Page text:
Popular Science Puts Georgia Tech’s Will Ratcliff on ‘Brilliant 10’ List

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Will Ratcliff is having a moment in the spotlight for getting yeast and algae to jump through hoops to new evolutionary heights.

The magazine Popular Science has heaved the researcher from the Georgia Institute of Technology into its annual list “The Brilliant 10,” a select roster of “the 10 most innovative young minds in science and technology.”  Ratcliff was praised for advancing the study of cellular evolution.

PopSci cited his work demonstrating how single-cell organisms may have transitioned into simple multicellular organisms ages ago.  It’s widely seen as an arduous evolutionary leap, since single cells had to forfeit a lot of their own fitness for the greater good of creating viable cell groups.

“William Ratcliff revealed surprising insights into what might have been necessary for this transition to occur,” Popular Science wrote in its September/October edition. He has illuminated “one of the greatest mysteries of life.”

The needs of the many

Ratcliff, an assistant professor in Georgia Tech's School of Biological Sciences, has put thousands of generations of yeast and many generations of algae cells through stresses in the lab devised to get them to evolve better survival strategies around forming cohesive groups.

“We’re figuring out kind of clever ways to get them to form groups and then for those groups to become more complex,” he said.

The idea is to end up with a rudimentary multicellular being with cells taking on specialized roles, a very early step on the pathway to organ development.  But the first advantage to group formation is simple -- size. Bigger is often better.

“A lot of small predators have small mouths that are great at eating single-cells,” Ratcliff said.  But big multicellular cell clusters are too big for these predators to get their mouths around. Clustered cells survive to pass on their genes.

Race to the bottom

To accelerate the evolution of yeast from individuals cells into cell groups called “snowflakes,” one of his signature achievements, Ratcliff has selected for yeast cells that sink more quickly.  There, again, big clusters sink better than single cells.

Once clusters are done outcompeting the unicells, they compete against each other. “It’s remarkable how quickly snowflake yeast clusters evolve new traits that let them win this race,” he said.

While the group gains various strengths, it sacrifices the viability of individual cells.  “They evolve a division of labor in the group, in which some of them commit suicide,” Ratcliff said.  That changes reproductive patterns, which makes the clusters’ progeny more competitive.

The loss of individual cell fitness is extensive.

The more robust a cluster gets, the less likely its individuals are to survive if they are caused to revert back to individual cells.  It’s like an odd twist on the traditional marriage vows: Part, and you will die.

Much of Ratcliff’s research is funded by NASA’s Exobiology program and the National Science Foundation.

Felt it coming

Before Popular Science called for an interview for its four-paragraph nod, Ratcliff had sensed something was coming.  For a few months, while the magazine cemented its list, it asked around at scientific societies about noteworthy up-and-coming researchers.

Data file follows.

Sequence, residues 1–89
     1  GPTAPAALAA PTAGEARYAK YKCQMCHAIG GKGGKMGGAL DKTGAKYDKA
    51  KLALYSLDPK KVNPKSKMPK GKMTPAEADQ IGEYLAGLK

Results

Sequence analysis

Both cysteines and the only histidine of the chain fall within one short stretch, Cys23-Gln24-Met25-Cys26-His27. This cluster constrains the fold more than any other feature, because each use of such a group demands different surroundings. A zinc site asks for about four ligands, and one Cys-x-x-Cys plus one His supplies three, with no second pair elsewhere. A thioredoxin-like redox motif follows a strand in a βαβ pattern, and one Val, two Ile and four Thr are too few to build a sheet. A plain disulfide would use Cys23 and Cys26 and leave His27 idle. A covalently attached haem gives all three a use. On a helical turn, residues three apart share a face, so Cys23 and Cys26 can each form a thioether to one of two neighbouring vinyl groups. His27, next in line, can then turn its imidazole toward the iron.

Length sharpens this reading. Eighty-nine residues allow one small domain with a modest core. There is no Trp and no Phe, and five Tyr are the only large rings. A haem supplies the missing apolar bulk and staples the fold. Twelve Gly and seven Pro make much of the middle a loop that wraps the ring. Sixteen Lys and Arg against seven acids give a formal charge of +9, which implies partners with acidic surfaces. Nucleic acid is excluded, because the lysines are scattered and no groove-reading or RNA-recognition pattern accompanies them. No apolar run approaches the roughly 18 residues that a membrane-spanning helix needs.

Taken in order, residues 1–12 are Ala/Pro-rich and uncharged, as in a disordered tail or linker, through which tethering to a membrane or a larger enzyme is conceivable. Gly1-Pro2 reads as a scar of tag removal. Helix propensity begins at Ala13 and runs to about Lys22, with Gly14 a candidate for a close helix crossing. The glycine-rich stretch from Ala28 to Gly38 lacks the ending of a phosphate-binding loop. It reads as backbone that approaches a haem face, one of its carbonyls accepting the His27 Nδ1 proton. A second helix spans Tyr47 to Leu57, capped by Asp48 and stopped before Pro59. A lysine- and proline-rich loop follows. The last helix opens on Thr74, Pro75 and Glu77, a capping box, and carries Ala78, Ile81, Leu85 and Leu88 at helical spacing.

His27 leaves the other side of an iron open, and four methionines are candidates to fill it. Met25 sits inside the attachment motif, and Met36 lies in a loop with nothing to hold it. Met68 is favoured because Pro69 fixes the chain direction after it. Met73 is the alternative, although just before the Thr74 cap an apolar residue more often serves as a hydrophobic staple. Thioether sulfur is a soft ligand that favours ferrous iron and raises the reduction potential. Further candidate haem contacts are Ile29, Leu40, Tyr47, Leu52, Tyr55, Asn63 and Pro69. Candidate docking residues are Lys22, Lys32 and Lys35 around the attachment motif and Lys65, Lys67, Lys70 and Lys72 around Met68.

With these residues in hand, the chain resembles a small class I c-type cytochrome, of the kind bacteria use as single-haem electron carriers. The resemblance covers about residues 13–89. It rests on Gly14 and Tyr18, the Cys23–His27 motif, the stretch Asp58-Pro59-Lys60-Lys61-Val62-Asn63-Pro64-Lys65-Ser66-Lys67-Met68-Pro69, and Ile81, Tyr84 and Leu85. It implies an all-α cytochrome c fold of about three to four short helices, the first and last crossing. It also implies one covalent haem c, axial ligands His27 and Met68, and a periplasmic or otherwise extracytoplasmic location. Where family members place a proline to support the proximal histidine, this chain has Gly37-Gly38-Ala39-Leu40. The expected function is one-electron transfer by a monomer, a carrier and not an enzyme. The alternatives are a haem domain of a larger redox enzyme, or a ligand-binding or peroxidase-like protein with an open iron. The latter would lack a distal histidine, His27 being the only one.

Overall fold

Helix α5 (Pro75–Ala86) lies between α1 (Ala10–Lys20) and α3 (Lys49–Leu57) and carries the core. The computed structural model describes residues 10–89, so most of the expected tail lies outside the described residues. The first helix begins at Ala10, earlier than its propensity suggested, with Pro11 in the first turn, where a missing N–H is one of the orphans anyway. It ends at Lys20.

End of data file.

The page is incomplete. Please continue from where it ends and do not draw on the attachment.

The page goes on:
As a result, Ratcliff received some veiled tips.

“A couple of colleagues of mine said, ‘Hey man, I got a call from a reporter. I can’t tell you anything about it, but you may be hearing something soon,’” he said.

When PopSci called, a reporter told Ratcliff that many scientists had mentioned him, strongly influencing the decision to name him one of "The Brilliant 10."  “That was very touching that people within the research community said to them they should look at my lab,” Ratcliff said.

Hail Mary pass

Life’s small coincidences have helped guide Ratcliff’s academic strivings down the path of evolutionary research.

His career in biology spawned from childhood, when his parents carted him and his brother Felix off in their summers to woodland family cabins next to craggy Pacific Coast cliffs near Mendocino, California.  “There was really nothing to do except to run around the forest and the ocean checking out the lives of plants and animals,” Ratcliff said.

They got hooked; both brothers became biologists.

Plants became Ratcliff’s passion at an early age, which led to a bachelor of science in plant biology from the University of California, Davis, but that threw his career a serendipitous curve. “I thought it would have a lot to do with ecology, but it turned out to be mostly cellular biology.”

The decision to see if yeast cells could be coaxed into making the leap to multicellularity was also slightly capricious.  “There was a lot of doubt surrounding it, but I thought, ‘Why not just give it a try and see,’" said Ratcliff, whose Ph.D. is in ecology.

He was astonished when that longshot worked.  “It was a kind of Hail Mary pass,” he said. It led to a dedicated research specialization and a notable body of continuing work.


Read about a tiny mutation triggering massive evolutionary change


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